Getting Experience in Your Field
Once you’ve narrowed down to the specialty or specialties you’re most interested in, it’s time to dive even deeper. You might find yourself interested in more than one specialty and while some people say you need to choose, I would encourage you not to limit yourself. You mind find that having more than one specialty will help you build a more sustainable business.
However, you do need to dial in and get very specific within your specialty. Who are the clients, what are their needs, and how can you best serve them? And how do you even find or contact them so that you can get them to hire you?
Some industries are more straightforward than others such as when you’re shooting weddings, portraits, or events. Your clients are individuals looking to hire you. In other industries, your clients will be businesses and it’ll be important to tailor your marketing plan to the industry you’re working in.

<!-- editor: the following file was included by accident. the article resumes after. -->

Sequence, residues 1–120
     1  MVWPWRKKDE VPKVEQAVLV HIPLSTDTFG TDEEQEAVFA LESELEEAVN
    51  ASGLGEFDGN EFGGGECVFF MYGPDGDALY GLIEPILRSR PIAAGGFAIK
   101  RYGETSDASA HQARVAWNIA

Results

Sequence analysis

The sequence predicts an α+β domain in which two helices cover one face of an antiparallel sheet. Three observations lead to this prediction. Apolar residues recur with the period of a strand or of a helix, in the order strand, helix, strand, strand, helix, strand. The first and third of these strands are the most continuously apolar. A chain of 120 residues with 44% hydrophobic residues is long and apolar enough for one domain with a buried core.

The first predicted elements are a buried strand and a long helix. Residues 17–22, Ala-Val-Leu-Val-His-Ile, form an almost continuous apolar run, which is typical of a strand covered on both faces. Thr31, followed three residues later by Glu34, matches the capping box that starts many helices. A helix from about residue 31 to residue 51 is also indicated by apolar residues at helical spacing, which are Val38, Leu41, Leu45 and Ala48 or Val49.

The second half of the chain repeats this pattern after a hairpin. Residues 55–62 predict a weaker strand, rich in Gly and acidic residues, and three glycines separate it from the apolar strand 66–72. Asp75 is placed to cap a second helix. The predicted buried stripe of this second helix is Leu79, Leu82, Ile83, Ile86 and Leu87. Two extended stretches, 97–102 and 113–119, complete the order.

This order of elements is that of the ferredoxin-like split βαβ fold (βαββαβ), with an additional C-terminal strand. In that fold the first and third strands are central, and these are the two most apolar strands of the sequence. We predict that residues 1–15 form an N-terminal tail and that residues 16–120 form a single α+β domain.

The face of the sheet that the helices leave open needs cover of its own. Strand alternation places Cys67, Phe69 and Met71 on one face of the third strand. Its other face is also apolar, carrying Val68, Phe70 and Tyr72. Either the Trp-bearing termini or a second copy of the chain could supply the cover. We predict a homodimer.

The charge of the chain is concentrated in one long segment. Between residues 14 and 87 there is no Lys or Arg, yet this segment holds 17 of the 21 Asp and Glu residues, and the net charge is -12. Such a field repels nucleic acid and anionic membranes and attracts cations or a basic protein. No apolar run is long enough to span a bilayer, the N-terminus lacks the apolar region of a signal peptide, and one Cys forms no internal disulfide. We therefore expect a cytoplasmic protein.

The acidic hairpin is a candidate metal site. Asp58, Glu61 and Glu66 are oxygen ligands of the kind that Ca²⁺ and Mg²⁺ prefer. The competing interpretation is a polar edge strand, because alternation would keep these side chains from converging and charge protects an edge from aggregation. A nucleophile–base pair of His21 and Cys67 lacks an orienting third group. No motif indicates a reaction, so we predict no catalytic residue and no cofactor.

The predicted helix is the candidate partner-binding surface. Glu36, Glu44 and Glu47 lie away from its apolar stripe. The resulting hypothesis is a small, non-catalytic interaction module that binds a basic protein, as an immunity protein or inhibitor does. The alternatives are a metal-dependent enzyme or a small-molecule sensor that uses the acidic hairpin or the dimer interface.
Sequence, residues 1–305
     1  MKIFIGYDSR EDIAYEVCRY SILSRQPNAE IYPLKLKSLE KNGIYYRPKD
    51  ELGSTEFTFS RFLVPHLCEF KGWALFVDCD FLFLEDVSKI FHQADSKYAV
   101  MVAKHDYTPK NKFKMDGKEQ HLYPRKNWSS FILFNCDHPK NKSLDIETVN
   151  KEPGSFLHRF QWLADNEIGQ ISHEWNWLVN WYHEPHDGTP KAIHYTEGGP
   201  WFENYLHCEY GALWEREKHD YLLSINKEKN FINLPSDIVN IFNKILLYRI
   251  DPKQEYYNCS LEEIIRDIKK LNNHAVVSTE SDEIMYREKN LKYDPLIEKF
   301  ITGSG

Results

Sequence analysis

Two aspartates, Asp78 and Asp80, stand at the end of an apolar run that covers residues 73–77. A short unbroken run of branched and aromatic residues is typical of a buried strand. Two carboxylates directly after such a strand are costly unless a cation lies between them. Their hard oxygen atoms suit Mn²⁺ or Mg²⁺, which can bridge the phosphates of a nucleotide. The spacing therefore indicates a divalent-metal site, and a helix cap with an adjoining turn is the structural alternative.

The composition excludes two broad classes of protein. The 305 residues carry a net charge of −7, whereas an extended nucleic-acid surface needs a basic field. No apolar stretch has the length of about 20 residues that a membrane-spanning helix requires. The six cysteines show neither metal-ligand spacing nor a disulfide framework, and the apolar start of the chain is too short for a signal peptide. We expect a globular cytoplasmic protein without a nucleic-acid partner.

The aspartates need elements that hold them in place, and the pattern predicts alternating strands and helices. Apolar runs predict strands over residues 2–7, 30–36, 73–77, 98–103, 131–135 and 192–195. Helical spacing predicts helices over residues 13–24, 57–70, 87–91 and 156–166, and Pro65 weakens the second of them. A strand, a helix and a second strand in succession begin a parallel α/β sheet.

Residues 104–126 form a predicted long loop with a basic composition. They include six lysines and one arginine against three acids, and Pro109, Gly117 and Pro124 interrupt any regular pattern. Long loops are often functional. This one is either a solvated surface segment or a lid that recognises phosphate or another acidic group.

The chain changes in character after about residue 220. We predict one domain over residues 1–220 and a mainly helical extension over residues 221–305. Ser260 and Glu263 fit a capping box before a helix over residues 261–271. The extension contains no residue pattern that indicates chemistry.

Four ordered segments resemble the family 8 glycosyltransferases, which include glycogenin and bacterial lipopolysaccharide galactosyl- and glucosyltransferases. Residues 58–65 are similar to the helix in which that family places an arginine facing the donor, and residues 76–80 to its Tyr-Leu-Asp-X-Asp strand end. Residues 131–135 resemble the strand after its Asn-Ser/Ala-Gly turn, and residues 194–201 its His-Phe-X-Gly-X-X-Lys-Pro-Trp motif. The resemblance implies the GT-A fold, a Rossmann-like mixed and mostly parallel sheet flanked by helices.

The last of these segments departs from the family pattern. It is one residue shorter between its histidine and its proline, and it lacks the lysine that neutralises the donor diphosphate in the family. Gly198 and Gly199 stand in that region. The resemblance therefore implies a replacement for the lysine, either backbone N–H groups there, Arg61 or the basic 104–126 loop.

Steps to Go From Hobbyist to Professional
OK, you’ve done your research. You’ve studied your craft, the profession, and your specialty or specialties. Now you’re really wanting to know what you actually need to do, what steps to take, and which to-do list items to start checking off.
It’s essential to start with building a budget, you need to know how much money you need to make in order to run your business. You’re going to need contracts and pricing in place, you can use your budget to help determine your pricing. Note that your pricing structure might be influenced by your target client so that will be important to identify next.
With your target client in mind, you’ll build a marketing plan for how you’re going to acquire new clients. Likely your marketing plan will direct potential clients to your website and portfolio. You’ll get work, get paid, and suddenly you’re a professional.
Here are 7 easy steps to becoming a professional photographer:
- Build a budget.
- Have pricing and contracts in place.
- Identify your target client.
- Create a marketing plan.
- Put together a website and portfolio.
- Get work.
- Get paid.
Sounds easy right?! Just take it one step at a time.
Building a Business or Finding a Job